Identification of novel genes that co-cluster with estrogen receptor alpha in breast tumor biopsy specimens, using a large-scale real-time reverse transcription-PCR approach

    1. I Bieche1,2
    1. 1Centre René Huguenin, FNCLCC, St-Cloud F-92210, France
    2. 2INSERM, U735, St-Cloud F-92210, France
    3. 3CNRS UMR 5160, Faculté de Pharmacie, Centre de Biotechnologie et de Pharmacologie pour la Santé, Montpellier, France
    1. (Requests for offprints should be addressed to I Bieche, Centre René Huguenin, FNCLCC, St-Cloud F-92210, France; Email: i.bieche{at}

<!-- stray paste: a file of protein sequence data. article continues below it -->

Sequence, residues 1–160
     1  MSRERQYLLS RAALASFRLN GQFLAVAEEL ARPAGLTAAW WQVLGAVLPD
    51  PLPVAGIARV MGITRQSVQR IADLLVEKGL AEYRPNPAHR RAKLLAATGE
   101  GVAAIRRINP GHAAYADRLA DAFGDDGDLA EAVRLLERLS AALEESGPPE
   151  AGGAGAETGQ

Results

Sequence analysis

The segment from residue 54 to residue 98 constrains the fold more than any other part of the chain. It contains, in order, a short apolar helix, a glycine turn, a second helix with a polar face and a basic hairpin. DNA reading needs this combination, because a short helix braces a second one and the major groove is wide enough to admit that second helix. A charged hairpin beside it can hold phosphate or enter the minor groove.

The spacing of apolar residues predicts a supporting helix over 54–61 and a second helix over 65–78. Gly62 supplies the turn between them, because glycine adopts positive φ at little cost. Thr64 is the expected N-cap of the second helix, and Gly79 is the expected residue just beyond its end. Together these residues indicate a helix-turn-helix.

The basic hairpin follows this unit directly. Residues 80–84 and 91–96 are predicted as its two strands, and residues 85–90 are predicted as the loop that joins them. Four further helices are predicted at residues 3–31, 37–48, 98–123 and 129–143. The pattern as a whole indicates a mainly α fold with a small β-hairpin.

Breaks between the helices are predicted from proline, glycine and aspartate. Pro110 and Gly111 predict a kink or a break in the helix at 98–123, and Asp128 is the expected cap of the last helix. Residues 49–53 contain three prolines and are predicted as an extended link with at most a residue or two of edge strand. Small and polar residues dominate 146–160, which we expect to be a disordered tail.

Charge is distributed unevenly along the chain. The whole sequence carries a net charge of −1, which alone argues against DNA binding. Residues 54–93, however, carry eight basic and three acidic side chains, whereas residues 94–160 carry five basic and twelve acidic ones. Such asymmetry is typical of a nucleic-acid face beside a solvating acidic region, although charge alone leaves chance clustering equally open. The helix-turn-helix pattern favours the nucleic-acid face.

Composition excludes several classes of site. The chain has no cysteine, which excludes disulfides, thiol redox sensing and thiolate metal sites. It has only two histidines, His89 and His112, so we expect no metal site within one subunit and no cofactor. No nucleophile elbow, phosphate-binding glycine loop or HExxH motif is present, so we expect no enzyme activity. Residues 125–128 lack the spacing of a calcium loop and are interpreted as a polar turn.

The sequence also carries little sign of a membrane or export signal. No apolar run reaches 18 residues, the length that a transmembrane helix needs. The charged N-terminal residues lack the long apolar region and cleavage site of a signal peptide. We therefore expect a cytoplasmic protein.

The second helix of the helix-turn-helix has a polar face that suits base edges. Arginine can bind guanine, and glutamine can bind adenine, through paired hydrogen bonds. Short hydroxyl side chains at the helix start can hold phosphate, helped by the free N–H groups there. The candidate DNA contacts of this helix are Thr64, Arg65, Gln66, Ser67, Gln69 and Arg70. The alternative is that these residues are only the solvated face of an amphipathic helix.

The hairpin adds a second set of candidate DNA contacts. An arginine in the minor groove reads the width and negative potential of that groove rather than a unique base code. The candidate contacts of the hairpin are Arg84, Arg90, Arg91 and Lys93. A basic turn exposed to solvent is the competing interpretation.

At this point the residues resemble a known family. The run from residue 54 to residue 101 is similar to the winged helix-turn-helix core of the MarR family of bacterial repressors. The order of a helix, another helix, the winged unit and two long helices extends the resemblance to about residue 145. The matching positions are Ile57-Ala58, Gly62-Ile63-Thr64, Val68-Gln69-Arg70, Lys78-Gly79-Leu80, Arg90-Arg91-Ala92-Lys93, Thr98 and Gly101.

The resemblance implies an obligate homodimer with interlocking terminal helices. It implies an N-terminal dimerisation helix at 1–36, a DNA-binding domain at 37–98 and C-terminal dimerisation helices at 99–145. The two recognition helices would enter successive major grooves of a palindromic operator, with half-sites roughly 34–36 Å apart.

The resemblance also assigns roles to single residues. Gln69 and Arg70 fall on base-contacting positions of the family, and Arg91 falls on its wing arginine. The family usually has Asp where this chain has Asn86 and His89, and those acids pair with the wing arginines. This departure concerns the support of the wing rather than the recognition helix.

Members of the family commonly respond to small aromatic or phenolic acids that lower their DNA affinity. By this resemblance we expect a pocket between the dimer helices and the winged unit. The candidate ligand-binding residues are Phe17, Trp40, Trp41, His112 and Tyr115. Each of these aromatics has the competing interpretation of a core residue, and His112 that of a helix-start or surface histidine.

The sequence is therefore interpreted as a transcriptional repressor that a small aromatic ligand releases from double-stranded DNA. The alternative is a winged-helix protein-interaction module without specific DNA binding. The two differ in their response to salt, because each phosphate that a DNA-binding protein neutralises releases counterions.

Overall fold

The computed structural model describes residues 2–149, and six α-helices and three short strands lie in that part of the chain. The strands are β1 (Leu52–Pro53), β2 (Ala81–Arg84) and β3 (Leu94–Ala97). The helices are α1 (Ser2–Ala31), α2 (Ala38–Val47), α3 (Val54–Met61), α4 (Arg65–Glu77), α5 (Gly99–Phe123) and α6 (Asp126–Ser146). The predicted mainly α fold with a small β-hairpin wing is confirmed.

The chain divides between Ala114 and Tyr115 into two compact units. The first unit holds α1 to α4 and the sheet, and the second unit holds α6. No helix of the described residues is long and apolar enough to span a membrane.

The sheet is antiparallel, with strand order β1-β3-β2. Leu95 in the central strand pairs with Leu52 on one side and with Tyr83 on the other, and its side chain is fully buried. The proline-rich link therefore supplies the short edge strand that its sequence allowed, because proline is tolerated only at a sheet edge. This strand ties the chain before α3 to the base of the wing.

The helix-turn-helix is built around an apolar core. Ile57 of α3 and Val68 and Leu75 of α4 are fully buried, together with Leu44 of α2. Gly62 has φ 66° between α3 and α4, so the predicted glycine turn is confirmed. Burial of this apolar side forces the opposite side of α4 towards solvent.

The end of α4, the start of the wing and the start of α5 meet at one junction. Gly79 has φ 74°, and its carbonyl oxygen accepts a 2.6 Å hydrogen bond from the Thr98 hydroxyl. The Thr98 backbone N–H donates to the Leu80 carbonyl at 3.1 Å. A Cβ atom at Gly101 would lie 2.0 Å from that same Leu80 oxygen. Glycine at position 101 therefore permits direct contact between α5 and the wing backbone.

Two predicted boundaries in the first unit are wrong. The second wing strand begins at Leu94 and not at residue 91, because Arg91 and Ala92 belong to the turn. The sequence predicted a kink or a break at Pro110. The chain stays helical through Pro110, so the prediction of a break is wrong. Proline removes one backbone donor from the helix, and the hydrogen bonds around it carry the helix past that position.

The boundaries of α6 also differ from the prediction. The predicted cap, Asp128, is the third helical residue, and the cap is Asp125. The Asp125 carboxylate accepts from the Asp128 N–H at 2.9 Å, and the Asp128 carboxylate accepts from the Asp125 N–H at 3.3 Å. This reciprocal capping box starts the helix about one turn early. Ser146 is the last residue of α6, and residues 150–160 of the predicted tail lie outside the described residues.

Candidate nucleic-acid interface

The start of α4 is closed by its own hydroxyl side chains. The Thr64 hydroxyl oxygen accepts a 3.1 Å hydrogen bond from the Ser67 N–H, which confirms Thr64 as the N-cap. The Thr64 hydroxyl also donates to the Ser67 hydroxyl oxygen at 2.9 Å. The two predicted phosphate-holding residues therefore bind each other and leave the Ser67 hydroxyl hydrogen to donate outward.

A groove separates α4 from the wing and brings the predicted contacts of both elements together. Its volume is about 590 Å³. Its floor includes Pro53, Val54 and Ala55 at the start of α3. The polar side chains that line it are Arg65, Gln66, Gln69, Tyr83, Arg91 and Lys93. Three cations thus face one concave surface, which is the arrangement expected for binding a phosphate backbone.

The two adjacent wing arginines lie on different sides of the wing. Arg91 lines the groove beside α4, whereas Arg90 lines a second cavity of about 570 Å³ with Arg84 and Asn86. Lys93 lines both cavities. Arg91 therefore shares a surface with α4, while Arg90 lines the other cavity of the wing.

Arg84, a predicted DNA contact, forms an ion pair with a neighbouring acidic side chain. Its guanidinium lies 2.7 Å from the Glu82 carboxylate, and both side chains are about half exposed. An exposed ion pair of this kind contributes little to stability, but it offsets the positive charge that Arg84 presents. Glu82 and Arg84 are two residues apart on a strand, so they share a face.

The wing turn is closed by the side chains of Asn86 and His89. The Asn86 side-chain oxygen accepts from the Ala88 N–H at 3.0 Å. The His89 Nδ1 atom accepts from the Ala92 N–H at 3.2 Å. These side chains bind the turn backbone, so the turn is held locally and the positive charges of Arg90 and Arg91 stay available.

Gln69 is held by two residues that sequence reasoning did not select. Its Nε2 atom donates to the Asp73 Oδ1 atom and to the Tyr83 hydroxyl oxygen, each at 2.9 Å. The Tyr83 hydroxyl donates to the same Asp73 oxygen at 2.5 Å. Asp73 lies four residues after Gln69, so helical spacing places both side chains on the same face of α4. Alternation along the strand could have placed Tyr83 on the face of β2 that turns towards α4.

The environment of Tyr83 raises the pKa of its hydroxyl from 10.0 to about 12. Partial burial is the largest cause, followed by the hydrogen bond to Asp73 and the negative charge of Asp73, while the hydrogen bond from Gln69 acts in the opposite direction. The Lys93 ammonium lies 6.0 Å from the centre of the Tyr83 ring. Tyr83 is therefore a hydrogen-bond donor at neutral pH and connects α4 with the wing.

The estrogen receptor alpha (ERα) plays a critical role in the pathogenesis and clinical behavior of breast cancer. To obtain further insights into the molecular basis of estrogen-dependent forms of this malignancy, we used real-time quantitative reverse transcription (RT)-PCR to compare the mRNA expression of 560 selected genes in ERα-positive and ERα-negative breast tumors. Fifty-one (9.1%) of the 560 genes were significantly upregulated in ERα-positive breast tumors compared with ERα-negative breast tumors. In addition to well-known ERα-induced genes (PGR, TFF1/PS2, BCL2, ERBB4, CCND1, etc.) and genes recently identified by cDNA microarray-based approaches (GATA3, TFF3, MYB, STC2, HPN/HEPSIN, FOXA1, XBP1, SLC39A6/LIV-1, etc.), an appreciable number of novel genes were identified, many of, which were weakly expressed. This validates the use of large-scale real-time RT-PCR as a method complementary to cDNA microarrays for molecular tumor profiling. Most of the new genes identified here encoded secreted proteins (SEMA3B and CLU), growth factors (BDNF, FGF2 and EGF), growth factor receptors (IL6ST, PTPRT, RET, VEGFR1 and FGFR2) or metabolic enzymes (CYP2B6, CA12, ACADSB, NAT1, LRBA, SLC7A2 and SULT2B1). Importantly, we also identified a large number of genes encoding proteins with either pro-apoptotic (PUMA, NOXA and TATP73) or anti-apoptotic properties (BCL2, DNTP73 and TRAILR3). Surprisingly, only a small proportion of the 51 genes identified in breast tumor biopsy specimens were confirmed to be ERα-regulated and/or E2-regulated in vitro (cultured cell lines). Therefore, this study identified a limited number of genes and signaling pathways, which better delineate the role of ERα in breast cancer. Some of the genes identified here could be useful for diagnosis or for predicting endocrine responsiveness, and could form the basis for novel therapeutic strategies.

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